May, 2013 / Author: admin

Compiled by Sean Snowdon


Quebec government runs ads to combat homophobia

QUEBEC CITY—The Quebec government has spearheaded a media campaign to raise awareness about homophobia in the province. Two ads currently running depict everyday scenarios that do not explicitly address sexual orientation, until the final moment when viewers may be caught off-guard by a same-sex couple kissing. Viewers are then asked, “Does this change the way you thought 20 seconds ago?” 

The five-year TV, radio and web campaign is meant to be positive and get people questioning how open-minded they really are, reported The Globe and Mail. 

Prior to the campaign, the provincial government commissioned a survey to assess the acceptance of sexual diversity. Results found that out of 800 Quebecers surveyed, 90 per cent identified themselves as being open to sexual diversity, yet only 40 per cent felt comfortable seeing a samesex couple showing affection in public. The government will run a second survey after the campaign has ended to see if there has been a shift in perceptions.

 


Yukon school’s controversial policy on homosexuality making waves in community

WHITEHORSE, Yukon—Vanier Catholic Secondary School has come under fire for its use of church-based policy on homosexuality. The school’s current policy describes homosexuality as being a “grave disorder,” “morally evil” and “intrinsically disordered,” according to CBC News.

Yukon’s Minister of Education Scott Kent has described this policy as not meeting the Education Act and as likely contradicting the Charter of Rights and Freedom and the Yukon Human Rights Act.

The Yukon Teachers’ Association (YTA), led by president Katherine Mackwood, has stated that several teachers at the school have asked for transfers due to the school’s “change of vision.” Mackwood notes that morale has continually plummeted since Gary Gordon, Yukon’s bishop, took charge of Vanier’s policies several years ago.

Unrest at the Catholic school has ignited discussion in the community, resulting in a rally of over 250 attendees at the Yukon Legislative Assembly to ensure, among other things, that all public schools are upholding the Department of Education’s policy on gender identity and sexual orientation.

 


Canada funds efforts to combat ‘kill the gays’ bill in Uganda

OTTAWA—Since November of last year, Canada has spent $200,000 on a concerted effort to protect and aid gay Ugandans in their fight against the country’s anti-gay bill. Funding from the Government of Canada has helped kick-start several projects in case the bill passes, including an emergency hotline, training for legal experts and activists in the region to fight the pending legislation and the planning of panels aimed at raising awareness on gay rights, according to the National Post.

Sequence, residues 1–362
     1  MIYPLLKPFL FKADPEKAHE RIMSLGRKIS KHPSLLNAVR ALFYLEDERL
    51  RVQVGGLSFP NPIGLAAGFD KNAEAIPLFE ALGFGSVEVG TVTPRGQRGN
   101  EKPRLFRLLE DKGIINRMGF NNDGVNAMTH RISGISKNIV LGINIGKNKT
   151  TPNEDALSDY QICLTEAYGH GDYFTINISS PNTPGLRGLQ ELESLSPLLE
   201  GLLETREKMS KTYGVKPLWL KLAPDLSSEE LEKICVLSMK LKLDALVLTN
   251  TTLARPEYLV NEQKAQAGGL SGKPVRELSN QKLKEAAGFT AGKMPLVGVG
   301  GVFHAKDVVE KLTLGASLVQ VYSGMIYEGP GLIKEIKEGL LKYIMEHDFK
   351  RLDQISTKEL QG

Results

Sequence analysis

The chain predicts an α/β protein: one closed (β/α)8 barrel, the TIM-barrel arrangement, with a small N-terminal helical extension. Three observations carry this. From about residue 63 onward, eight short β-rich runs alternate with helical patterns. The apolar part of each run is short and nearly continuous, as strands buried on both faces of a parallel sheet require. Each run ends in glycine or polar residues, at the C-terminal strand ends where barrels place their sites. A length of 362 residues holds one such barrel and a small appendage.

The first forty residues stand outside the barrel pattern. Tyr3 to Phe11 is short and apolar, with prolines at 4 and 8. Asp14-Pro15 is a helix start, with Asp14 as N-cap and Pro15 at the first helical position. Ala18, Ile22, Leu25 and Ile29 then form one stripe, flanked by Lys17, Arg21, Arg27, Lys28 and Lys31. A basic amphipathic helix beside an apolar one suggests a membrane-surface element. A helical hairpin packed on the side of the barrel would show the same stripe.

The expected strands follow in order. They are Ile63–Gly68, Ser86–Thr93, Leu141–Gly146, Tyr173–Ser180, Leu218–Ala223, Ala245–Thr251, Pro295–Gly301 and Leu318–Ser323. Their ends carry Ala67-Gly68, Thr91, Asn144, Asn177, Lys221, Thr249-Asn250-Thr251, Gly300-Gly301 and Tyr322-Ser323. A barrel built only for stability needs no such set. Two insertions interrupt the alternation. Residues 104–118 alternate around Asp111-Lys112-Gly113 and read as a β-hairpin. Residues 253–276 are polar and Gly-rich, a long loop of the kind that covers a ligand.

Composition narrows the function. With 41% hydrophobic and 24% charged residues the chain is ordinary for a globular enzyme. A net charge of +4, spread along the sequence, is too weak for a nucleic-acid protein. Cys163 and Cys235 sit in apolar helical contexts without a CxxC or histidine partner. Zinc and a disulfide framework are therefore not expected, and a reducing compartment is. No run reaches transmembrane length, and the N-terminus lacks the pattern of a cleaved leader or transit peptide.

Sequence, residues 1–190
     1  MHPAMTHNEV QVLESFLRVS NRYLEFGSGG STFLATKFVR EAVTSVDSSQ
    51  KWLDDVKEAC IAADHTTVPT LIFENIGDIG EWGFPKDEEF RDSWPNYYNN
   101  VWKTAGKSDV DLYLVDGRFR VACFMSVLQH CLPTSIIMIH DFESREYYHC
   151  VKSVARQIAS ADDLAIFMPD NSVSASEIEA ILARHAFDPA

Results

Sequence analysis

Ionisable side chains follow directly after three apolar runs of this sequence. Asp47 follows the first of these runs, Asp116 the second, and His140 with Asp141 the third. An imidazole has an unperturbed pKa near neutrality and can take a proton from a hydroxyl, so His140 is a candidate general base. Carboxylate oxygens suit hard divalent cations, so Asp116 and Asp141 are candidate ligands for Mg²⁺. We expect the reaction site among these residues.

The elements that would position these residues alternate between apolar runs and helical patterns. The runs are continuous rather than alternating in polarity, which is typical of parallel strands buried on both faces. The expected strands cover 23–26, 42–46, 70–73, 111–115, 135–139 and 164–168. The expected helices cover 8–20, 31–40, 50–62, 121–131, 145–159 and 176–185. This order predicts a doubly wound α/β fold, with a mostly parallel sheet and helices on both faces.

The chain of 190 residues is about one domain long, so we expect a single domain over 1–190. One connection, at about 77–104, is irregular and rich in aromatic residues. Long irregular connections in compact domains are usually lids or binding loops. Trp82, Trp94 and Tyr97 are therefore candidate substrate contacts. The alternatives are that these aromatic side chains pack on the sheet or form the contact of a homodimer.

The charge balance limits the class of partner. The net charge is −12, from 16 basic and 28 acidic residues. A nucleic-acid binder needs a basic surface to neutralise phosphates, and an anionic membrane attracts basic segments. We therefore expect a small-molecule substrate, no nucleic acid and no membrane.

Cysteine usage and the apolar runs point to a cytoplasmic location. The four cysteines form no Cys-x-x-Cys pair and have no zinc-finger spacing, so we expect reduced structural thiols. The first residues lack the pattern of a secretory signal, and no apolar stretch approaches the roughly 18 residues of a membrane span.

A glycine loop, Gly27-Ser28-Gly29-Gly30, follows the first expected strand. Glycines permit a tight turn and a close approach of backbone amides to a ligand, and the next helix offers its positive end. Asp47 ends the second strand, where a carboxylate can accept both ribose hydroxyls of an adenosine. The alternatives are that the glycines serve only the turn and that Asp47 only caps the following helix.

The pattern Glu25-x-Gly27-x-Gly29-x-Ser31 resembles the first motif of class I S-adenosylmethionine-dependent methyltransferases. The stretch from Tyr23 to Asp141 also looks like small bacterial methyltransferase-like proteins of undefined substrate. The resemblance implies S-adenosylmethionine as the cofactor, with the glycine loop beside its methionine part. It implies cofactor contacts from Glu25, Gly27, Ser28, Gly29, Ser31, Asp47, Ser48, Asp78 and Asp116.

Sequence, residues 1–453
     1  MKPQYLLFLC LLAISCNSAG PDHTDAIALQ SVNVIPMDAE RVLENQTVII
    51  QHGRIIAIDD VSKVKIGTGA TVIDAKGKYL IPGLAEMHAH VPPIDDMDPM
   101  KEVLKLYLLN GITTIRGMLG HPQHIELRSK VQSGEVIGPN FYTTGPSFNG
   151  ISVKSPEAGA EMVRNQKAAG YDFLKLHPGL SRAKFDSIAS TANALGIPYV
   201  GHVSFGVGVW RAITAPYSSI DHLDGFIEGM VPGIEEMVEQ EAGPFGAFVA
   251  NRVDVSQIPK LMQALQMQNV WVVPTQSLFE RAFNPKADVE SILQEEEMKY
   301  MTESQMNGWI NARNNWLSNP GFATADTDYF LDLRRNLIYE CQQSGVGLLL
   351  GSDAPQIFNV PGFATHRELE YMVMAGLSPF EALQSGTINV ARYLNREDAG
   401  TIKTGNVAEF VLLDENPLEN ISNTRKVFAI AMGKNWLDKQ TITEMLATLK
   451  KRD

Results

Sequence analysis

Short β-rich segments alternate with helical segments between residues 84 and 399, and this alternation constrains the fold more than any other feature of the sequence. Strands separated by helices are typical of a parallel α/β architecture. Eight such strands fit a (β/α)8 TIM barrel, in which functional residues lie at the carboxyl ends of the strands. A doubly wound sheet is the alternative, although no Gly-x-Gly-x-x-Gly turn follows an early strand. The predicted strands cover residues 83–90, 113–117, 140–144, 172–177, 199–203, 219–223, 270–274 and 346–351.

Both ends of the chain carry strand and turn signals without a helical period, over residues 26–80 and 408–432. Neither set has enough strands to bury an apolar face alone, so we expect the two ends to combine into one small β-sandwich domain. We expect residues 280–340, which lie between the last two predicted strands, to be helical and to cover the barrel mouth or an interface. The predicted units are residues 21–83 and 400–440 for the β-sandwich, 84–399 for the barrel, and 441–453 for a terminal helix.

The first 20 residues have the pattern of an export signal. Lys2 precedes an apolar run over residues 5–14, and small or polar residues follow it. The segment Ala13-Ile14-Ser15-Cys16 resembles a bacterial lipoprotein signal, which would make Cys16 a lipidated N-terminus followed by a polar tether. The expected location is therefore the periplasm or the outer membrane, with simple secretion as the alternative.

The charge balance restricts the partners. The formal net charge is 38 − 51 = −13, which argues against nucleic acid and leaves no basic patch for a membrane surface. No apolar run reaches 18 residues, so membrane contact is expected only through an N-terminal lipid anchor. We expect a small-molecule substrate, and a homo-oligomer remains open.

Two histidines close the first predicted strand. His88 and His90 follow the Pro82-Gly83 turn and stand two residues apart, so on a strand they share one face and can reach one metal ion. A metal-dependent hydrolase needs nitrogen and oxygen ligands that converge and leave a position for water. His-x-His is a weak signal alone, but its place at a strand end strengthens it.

The bill, which met international condemnation last year, sought stiffer punishment for its LGBT population, including life-long prison sentences and the possible implementation of the death penalty. The bill has yet to come before the legislature for a vote and is currently fifth in line on a list of bills to be addressed.

 


Comic shop removes books of outspoken anti-gay writer

OTTAWA—A comic book shop in Ottawa is showing its support for LGBT rights by removing the work of a vocally anti-gay writer from its shelves.

The shop, not far from Ottawa’s gay village, has received overwhelmingly positive response to its stand on writer Orson Scott Card’s opposition to gay rights. Rob Spittall, owner of The Comic Book Shoppe, expressed “there’s been a huge wave of support for us. I even got a message from a guy somewhere in the States, I believe North Carolina… saying congratulations and thanks so much for taking a stand on things,” reports CBC News.

Card is set to contribute to the upcoming Adventures of Superman for DC Comics, which will not be stocked in Spittall’s shop. Card is both a member of the board of directors for the National Organization for Marriage, as well as an outspoken opponent of gay rights, recently being quoted as stating homosexuality is a “reproductive dysfunction” born of choice.

The shop will continue to provide the option to special-order Card’s work to accommodate the needs of serious collectors.

 


Anti-gay crusader violates human rights

OTTAWA— In a 6-0 decision, the Supreme Court of Canada has ruled a Saskatchewan crusader violated Saskatchewan’s Human Rights Code when he distributed anti-gay pamphlets in 2000 and 2001.

The high court also refined the definition of hate speech by striking down some language in the provincial code, clearing William Whatcott of any wrongdoing with the other two flyers. The court found the language in the code that defines hate literature as something that “ridicules, belittles or otherwise affronts the dignity of any person” unconstitutional.

The Saskatchewan Human Rights Tribunal originally ordered Whatcott to pay a total of $17,500 to the four complainants for the pamphlets that referred to gay men as sodomites and pedophiles, according to the Winnipeg Free Press. The Supreme Court decision means he’ll have to pay one complainant $2,500 and another $5,000.

Whatcott, a born-again Christian, vowed to produce more pamphlets “taking issue” with the Supreme Court’s ruling and spreading his other views. 

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